An inquiring mind

Then there is the matter of cow flatulence.

Gassy cows may seem an unlikely area for scientific study, but it is one that intrigues Marc Zimmer.

It seems that cows, when they flatulate, create large amounts of methane. “As for the cows,” he says, “I’m interested in the last step of methane production. It may produce information that can be used in the technology to produce natural gas in a controlled setting.”

Glowing genes have drawn Zimmer into the media light, but he is about much more than that. In fact, he estimates that only about one-third of his research concerns bioluminescence.

He has received research grants totaling more than $2.7 million. He has given talks in Cuba, India, South Africa and six European countries. He has published more than 50 research papers on cow flatulence, computational chemistry and glowing genes, and they have appeared in leading scientific journals. Other authors have cited his work in their own writings more than 200 times.

In 2001 he received the John S. King Memorial Award, which recognizes excellence in teaching. This year he was appointed to a prestigious new professorship endowed by the chair of the board of trustees: he was named the Barbara Zaccheo Kohn ’72 Professor of Chemistry.

Outside his laboratory and classroom, he devotes much of his time and energy to his family. He plays squash, and those who work with him say he sometimes can be spotted scanning a computer for the latest cricket scores from South Africa.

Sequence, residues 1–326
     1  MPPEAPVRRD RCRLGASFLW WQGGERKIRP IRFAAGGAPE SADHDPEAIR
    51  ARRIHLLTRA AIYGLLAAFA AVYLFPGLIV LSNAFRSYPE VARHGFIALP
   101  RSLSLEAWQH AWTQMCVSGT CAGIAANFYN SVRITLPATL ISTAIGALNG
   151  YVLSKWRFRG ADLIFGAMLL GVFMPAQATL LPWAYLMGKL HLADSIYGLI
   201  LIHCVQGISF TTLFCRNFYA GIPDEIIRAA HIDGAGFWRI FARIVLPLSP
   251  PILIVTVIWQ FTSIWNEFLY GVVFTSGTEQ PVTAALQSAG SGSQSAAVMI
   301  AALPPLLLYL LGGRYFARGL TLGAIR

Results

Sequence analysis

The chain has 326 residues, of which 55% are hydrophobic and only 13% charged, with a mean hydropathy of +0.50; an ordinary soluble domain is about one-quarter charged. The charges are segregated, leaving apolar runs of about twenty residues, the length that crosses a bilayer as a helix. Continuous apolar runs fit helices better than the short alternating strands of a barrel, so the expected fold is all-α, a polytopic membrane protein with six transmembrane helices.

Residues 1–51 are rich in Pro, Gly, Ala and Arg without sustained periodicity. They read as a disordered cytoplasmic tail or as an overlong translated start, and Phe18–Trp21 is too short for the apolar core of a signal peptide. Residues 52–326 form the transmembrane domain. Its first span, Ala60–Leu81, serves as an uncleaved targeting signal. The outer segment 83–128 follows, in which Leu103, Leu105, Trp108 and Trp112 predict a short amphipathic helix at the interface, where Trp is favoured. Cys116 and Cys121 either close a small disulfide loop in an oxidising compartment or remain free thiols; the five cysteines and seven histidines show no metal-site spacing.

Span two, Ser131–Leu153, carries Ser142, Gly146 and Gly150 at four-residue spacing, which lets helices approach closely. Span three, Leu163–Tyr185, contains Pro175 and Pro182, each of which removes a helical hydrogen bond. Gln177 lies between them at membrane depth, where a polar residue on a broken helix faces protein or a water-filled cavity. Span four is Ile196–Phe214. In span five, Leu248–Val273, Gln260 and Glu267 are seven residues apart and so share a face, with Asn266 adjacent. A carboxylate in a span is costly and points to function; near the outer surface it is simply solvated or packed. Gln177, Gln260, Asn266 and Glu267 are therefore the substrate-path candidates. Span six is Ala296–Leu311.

His curiosity reaches beyond science. He has written a mystery, as yet unpublished, featuring murder by rhino horn, attempted murder using a windsurfer, and a unique form of erectile dysfunction. Zimmer says he has talents in story organization and providing creative structure, but he needs to refine his writing skills. With this in mind, he took a course during the spring semester on campus with professor Blanche Boyd, whose writings are internationally acclaimed.

As he moves from challenge to challenge, he maintains a life that is in balance. The personal and professional mesh well together.

Bruce Branchini, who chairs the chemistry department, says Zimmer has the respect of fellow faculty members, as well as students. He praised Zimmer for his teaching abilities and for attracting research grants to the college. Branchini says he and Zimmer have collaborated in research, accomplishing considerably more working together than either of them would have working alone.

“He welcomes challenges and works well with others,” Branchini says. “He looks to explore new interests and his mind is always working.”

Zimmer holds something in common with all successful scientists and, as it turns out, with small children. He is always asking, “Why?”

For instance, he talks about the cloning on Dolly the sheep in Scotland, and the worldwide headlines that controversy generated. Then he considers the jacket of his “Glowing Genes” publication, the one with pictures of two pigs.

“Why is it,” he asks, “that people know all about Dolly the sheep, but they don’t know about the pig with a yellow snout?”